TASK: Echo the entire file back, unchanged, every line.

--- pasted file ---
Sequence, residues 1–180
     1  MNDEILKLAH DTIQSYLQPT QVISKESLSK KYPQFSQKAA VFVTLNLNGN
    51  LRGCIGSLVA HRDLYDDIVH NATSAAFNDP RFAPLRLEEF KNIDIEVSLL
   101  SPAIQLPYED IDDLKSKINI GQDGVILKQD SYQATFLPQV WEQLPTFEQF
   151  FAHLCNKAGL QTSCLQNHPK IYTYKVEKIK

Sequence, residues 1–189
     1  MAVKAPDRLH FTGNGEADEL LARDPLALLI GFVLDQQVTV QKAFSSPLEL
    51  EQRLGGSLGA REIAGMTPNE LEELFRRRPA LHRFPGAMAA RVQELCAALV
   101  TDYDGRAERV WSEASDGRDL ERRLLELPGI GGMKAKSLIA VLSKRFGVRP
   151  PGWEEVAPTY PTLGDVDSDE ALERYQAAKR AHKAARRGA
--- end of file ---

Sequence, residues 1–180
     1  MNDEILKLAH DTIQSYLQPT QVISKESLSK KYPQFSQKAA VFVTLNLNGN
    51  LRGCIGSLVA HRDLYDDIVH NATSAAFNDP RFAPLRLEEF KNIDIEVSLL
   101  SPAIQLPYED IDDLKSKINI GQDGVILKQD SYQATFLPQV WEQLPTFEQF
   151  FAHLCNKAGL QTSCLQNHPK IYTYKVEKIK

Sequence, residues 1–189
     1  MAVKAPDRLH FTGNGEADEL LARDPLALLI GFVLDQQVTV QKAFSSPLEL
    51  EQRLGGSLGA REIAGMTPNE LEELFRRRPA LHRFPGAMAA RVQELCAALV
   101  TDYDGRAERV WSEASDGRDL ERRLLELPGI GGMKAKSLIA VLSKRFGVRP
   151  PGWEEVAPTY PTLGDVDSDE ALERYQAAKR AHKAARRGA